November 16, 2009 -- If an integrated circuit design is to meet the need for high-quality/low-risk implementation, the need for formal communication among the participants in the design process is obviously necessary. When design engineers, design managers and mask shop engineers are at multiple sites, with each team and each site working within their own schedule constraints, moving communication online is a must.
Online communication lets system-on-chip integrators do their jobs in parallel to intellectual property design and software development, and in complete awareness of the design-for-mask-manufacturing (DFFM) constraints imposed by the next engineering steps.
IP designers, for instance, need to communicate where they stand with respect to predefined quality criteria (such as functionality, performance and reusability). Regardless of their position in the design chain, engineering and design managers now spend 20 to 40% of their time compiling quality progress reports based on individual, manual reports. Although quality standards are available, and most large companies have strong in-house experience managing quality, reporting is still largely ad hoc, Excel-based and manual.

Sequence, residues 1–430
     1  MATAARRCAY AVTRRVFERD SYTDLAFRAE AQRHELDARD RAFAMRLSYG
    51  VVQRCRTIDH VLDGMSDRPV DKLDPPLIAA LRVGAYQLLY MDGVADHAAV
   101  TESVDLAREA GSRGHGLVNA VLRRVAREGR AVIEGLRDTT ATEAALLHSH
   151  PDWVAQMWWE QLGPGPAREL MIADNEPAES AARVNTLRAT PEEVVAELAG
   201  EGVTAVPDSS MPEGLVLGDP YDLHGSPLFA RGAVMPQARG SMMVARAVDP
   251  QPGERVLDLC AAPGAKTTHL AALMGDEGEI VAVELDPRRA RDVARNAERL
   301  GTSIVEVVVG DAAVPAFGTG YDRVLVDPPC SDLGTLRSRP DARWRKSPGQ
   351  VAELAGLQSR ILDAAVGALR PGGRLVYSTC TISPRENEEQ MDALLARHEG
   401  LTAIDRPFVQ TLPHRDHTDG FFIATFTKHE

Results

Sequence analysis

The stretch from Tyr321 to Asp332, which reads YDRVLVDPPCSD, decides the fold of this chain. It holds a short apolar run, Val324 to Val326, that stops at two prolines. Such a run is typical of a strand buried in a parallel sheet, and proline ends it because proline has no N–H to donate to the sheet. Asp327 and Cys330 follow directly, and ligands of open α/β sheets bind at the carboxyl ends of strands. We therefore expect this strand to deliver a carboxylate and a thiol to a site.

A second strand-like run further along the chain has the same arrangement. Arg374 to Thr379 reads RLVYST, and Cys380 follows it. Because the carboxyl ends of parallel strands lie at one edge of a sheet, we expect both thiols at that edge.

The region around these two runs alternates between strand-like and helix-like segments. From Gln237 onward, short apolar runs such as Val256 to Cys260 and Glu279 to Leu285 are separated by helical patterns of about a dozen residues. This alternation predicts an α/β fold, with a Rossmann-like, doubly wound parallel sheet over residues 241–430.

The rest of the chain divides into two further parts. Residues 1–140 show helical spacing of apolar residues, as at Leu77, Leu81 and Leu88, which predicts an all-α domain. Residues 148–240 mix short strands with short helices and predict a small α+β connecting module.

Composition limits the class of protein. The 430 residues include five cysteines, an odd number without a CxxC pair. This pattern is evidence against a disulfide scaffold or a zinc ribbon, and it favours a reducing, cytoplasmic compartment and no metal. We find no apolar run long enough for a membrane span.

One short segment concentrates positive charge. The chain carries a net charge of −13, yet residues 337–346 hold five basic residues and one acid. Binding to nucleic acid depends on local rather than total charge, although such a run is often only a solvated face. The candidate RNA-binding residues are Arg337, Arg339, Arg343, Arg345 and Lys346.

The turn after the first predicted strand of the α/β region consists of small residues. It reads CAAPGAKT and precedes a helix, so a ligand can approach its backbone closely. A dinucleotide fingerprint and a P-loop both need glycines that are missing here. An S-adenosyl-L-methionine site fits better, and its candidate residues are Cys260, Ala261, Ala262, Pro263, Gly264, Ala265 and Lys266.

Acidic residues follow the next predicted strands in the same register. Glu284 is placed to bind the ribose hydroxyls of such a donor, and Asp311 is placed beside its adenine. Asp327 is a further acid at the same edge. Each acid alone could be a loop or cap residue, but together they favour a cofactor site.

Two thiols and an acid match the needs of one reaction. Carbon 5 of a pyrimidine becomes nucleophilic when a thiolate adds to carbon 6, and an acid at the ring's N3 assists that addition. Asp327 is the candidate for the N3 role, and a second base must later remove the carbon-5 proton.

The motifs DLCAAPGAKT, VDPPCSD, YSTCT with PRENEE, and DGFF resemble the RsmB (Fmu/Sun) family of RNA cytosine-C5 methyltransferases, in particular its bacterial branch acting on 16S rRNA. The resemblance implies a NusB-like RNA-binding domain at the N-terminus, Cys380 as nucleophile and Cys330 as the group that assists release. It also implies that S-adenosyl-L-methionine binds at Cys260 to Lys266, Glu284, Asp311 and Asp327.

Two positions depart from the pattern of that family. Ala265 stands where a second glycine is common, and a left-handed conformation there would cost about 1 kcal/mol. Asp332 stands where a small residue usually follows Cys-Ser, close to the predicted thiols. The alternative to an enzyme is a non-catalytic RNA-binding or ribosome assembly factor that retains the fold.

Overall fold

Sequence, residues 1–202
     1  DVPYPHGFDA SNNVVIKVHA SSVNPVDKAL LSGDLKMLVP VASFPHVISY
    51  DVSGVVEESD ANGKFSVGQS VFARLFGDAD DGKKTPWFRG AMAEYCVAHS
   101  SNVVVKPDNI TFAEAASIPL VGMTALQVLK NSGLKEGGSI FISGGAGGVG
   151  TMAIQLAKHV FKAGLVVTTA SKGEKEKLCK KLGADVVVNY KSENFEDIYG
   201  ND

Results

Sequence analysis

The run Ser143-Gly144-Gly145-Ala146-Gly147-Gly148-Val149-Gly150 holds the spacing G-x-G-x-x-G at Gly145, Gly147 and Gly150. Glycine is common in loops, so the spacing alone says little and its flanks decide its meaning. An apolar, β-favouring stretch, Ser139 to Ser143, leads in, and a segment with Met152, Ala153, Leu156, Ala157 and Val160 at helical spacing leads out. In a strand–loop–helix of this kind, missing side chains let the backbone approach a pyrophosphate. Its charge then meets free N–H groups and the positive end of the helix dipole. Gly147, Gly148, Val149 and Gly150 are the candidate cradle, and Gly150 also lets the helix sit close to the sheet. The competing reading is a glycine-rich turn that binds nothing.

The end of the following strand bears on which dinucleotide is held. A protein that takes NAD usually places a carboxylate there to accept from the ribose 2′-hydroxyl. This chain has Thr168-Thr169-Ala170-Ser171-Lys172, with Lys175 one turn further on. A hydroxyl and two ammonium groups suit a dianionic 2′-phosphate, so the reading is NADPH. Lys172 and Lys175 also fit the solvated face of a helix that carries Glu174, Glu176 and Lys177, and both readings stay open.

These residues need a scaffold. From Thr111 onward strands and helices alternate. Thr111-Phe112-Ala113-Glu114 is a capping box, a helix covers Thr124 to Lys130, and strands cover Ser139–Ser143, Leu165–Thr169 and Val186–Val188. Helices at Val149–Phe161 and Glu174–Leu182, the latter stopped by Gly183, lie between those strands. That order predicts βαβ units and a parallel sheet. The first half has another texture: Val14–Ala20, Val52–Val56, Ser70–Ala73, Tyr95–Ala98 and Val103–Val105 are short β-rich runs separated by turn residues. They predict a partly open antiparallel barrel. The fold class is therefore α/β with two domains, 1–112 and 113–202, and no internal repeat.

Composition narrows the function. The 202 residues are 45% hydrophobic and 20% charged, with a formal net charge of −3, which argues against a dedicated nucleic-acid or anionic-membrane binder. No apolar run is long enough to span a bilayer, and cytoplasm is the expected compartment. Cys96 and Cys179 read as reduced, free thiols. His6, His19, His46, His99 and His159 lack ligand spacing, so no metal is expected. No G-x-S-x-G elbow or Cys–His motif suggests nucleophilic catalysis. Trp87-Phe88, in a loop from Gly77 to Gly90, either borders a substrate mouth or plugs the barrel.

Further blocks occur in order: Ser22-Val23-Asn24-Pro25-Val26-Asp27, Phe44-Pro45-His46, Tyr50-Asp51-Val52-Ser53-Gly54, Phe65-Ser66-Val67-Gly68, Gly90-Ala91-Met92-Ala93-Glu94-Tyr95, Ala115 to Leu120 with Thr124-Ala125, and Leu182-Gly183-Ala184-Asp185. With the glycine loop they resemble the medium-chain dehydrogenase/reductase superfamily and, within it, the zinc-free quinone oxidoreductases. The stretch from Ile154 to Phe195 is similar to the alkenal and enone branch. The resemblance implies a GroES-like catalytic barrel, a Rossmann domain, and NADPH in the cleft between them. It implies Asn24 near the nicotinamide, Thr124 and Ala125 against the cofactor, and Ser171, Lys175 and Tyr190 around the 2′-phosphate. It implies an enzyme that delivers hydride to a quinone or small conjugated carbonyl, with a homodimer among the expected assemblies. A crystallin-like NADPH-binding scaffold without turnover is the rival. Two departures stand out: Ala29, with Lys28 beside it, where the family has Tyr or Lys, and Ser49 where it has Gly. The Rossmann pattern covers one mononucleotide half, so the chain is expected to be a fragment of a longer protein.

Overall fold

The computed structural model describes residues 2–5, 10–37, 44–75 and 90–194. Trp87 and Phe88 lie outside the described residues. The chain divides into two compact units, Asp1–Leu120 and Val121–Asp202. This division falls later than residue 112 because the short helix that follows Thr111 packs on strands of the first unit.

A more formal understanding of what constitutes design quality, and an automated, online method for designers to check quality run after run, dramatically reduces quality reporting time.
By Stephane Bonniol. (Bonniol is Director of R&D and co-founder of Satin IP Technologies.)
This brief introduction has been excerpted from the original copyrighted article.
View the entire article on the Electronic Engineering Times (EE Times) website.
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